The decision to turn to greater cross-border cooperation in the region can only come from the highest levels in each country, and in this case that means the very personal attention of the heads of state – Mohammed VI in Morocco, Abdelaziz Bouteflika in Algeria, Zine Labadine ben Ali in Tunisia and Muammar Gaddafi in Libya. Pressure points in such a situation are difficult to find. However, they exist, at very high and much lower levels.
The lower levels concern public opinion, the media, NGOs, and political parties. None of these have the weight one might find in a more developed country, but they do exist and the leaders are not insensitive to them. Morocco and Algeria, under a monarchy and personalised leadership respectively, are multiparty polities; in Tunisian and Libyan autocracies, civil society would be the source of pressure in the absence of political pluralism. Studies have shown that integration takes place when it becomes a party platform across the potentially integrating countries, and this is true for cooperation, a looser form of integration. To date, this has not occurred, so what is necessary is a less formalised effort led by NGOs to bring the message of the benefits of cooperation to the decision-making levels.
The higher levels refer to other states, friends and allies of the Maghreb countries, who can weigh heavily on the North African leaders, in all the parties’ interest. A focused policy to encourage Maghreb economic cooperation will have multiple components, beginning with a new approach that treats the region as a unit rather than a collection of competing bilateral relations. Discussions called for in existing EU-Moroccan and EU-Tunisian FTAs and the US-Moroccan FTA on coverage by the agreements’ rules of origin can be used to explore creative ways to greater cooperation, including regional cumulation or ‘economic integration zones’ modelled on the successful Qualifying Industrial Zones in Jordan and Egypt that are tied to the US-Israel FTA. The US and EU can build upon their trade and investment framework agreements in the region (as done with the Asian Pacific economic region) and bilateral investment treaties with Tunisia and Morocco to promote regional trade and investment liberalisation.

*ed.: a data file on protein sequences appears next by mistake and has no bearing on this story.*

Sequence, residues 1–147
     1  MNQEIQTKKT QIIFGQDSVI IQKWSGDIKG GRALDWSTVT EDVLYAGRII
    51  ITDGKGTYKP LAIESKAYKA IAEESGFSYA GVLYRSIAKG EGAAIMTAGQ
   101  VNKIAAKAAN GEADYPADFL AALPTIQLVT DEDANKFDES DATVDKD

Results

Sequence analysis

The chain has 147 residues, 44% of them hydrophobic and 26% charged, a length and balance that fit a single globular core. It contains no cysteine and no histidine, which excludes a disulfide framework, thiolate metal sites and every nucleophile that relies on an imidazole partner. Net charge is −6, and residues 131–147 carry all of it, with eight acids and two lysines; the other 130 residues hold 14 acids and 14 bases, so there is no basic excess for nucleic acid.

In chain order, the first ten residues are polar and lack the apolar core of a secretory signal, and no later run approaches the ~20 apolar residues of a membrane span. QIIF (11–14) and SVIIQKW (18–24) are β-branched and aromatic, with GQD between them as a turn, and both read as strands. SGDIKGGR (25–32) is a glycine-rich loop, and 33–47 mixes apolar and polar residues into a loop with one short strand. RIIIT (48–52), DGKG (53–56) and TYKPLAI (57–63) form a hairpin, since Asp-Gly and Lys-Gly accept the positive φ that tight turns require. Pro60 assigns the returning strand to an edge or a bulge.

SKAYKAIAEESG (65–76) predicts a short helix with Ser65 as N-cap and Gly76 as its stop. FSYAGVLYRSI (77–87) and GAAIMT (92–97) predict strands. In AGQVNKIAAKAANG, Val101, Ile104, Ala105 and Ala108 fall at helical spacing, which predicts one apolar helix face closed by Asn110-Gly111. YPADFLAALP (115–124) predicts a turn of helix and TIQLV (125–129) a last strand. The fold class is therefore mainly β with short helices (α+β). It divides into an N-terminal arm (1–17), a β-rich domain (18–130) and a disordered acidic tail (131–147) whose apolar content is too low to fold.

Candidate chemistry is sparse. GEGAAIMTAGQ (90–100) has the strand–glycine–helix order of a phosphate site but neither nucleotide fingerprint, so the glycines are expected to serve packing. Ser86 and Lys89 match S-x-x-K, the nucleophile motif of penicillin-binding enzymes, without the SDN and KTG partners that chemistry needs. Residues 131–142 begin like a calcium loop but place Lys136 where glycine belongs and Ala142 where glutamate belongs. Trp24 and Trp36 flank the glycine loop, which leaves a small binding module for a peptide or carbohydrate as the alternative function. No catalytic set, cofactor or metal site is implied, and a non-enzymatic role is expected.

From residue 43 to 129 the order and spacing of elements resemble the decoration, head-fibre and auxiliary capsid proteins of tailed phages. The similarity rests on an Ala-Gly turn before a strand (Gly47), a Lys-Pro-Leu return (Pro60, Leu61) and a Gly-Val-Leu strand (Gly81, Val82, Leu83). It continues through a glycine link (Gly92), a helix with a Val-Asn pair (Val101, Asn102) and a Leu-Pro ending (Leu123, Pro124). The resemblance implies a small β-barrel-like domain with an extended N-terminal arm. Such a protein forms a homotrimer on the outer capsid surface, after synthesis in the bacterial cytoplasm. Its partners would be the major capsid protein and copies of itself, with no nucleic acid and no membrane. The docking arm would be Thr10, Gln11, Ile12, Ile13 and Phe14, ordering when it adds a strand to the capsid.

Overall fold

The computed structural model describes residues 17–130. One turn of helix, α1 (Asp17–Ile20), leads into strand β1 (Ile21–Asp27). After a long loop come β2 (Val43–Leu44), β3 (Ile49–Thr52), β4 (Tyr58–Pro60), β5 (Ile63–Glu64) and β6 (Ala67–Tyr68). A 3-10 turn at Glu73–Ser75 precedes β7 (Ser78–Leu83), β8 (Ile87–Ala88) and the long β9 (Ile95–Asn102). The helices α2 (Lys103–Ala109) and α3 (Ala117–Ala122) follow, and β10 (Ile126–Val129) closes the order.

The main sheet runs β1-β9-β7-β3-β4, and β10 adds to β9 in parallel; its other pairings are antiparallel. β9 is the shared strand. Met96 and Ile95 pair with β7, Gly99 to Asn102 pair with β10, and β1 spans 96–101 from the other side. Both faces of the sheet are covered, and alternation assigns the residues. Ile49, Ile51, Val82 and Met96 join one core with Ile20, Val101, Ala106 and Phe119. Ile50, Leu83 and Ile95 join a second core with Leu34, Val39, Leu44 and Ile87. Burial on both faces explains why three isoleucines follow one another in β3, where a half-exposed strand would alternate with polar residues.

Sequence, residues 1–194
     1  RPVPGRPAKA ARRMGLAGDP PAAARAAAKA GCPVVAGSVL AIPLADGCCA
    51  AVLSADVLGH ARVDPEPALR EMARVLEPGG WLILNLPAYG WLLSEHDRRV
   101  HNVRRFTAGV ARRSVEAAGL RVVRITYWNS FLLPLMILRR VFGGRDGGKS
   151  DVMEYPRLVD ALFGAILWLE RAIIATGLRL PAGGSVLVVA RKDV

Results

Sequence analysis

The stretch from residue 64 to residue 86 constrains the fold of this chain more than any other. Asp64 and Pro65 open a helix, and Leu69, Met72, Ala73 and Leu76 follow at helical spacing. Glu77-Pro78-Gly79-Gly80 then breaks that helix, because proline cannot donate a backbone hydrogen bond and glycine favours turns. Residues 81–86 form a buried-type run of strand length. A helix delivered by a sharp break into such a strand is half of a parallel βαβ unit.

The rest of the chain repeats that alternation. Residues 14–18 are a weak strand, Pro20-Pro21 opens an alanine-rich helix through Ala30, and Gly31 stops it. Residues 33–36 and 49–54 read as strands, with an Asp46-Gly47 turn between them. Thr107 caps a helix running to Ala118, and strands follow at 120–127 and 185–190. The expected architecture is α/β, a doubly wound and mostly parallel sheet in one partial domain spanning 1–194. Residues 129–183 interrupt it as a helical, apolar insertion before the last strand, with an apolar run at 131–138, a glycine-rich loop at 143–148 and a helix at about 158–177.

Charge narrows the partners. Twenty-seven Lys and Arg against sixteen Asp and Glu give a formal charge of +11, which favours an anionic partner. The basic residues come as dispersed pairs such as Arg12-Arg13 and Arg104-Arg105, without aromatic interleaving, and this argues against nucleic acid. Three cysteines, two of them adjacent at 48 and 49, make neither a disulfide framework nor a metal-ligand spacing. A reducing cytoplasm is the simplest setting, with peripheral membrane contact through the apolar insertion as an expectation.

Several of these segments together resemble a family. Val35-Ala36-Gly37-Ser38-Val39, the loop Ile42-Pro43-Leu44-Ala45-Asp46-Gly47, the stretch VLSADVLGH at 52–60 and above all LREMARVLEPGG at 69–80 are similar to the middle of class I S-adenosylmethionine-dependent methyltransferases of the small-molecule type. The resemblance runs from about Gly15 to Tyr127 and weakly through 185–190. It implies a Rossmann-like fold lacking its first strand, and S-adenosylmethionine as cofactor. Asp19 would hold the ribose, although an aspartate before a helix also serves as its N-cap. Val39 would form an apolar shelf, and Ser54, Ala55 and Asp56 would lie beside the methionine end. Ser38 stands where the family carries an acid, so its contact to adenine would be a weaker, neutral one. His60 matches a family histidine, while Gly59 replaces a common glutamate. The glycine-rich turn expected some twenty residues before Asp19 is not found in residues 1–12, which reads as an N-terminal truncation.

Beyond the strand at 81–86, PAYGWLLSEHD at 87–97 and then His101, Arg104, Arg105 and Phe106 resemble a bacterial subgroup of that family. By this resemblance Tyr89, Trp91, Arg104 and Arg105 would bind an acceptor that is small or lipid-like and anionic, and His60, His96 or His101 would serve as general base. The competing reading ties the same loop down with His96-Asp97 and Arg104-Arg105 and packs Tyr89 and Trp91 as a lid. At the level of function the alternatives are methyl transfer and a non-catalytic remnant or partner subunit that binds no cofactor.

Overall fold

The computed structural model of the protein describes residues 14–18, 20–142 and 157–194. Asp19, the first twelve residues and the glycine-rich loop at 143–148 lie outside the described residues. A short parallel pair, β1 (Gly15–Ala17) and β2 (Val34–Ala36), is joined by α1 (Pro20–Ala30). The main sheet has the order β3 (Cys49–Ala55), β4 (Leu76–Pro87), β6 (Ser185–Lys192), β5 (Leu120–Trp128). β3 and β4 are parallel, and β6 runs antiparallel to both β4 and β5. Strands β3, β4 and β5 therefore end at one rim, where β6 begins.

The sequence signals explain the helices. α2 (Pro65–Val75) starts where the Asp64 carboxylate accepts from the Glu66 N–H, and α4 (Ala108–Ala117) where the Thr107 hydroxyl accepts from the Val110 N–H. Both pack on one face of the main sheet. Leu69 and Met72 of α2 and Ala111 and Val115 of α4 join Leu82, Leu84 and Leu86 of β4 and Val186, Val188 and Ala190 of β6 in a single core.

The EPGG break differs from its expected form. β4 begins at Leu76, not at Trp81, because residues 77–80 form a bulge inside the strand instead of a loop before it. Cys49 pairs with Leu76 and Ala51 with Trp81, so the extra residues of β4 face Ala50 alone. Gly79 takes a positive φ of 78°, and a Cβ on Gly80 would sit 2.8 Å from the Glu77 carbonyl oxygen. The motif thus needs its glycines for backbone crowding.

Maghreb partners of the US and the EU can also be encouraged to eliminate their own tariffs and non-tariff barriers on products imported from other Maghreb countries and reduce barriers to intra-regional investment and trade in services. The US can create mandates for regional projects in North Africa for the Trade Development Agency, Overseas Private Investment Corporation and the Ex-Im Bank. The US and Europe can also create regional, private sector initiatives through instruments and programmes such as the US Center for International Private Enterprise, and promote FDI that focuses on the region as a whole, instead of simply on a country-by-country basis.
By emphasising reform, the EU has done much to improve the business climate in Eastern Europe and it can do the same for the Maghreb. The US can cooperate with ongoing EU initiatives such as the Barcelona Process for Euro-Mediterranean cooperation, the eastern Mediterranean 5 [European]+5 [Maghrebi] efforts at handling common challenges, and the French-sponsored Union for the Mediterranean designed to promote exchanges between the north and south shores, all of which can benefit from some external energising. One example would be US support for systems for independent administrative and judicial review of customs determinations.
The US and the EU can encourage harmonisation of regulatory regimes throughout the region to the highest possible standards, as is being done for ASEAN in Southeast Asia and Asia-Pacific Economic Cooperation (APEC) forum in the Pacific area. In the Maghreb, where both the US and European countries have common interests, the two sides of the Atlantic can find a common cause for cooperation and overcome the temptation to see each other as competitors and to be played off against each other. This requires focused dialogue, measures of collaboration, and attention to mutual benefit.
The most dangerous future challenge to the region concerns its water supply. The Maghreb is now a ‘water-threatened area’ where water is in scarce supply, and will soon become a ‘water¬deficient area’ where water supplies are seriously inadequate to human, agricultural and industrial needs. A coordinated international effort to support research, investment and infrastructure development to meet the threat before it crunches agriculture and urban life in the region is a critical confidence-building measure.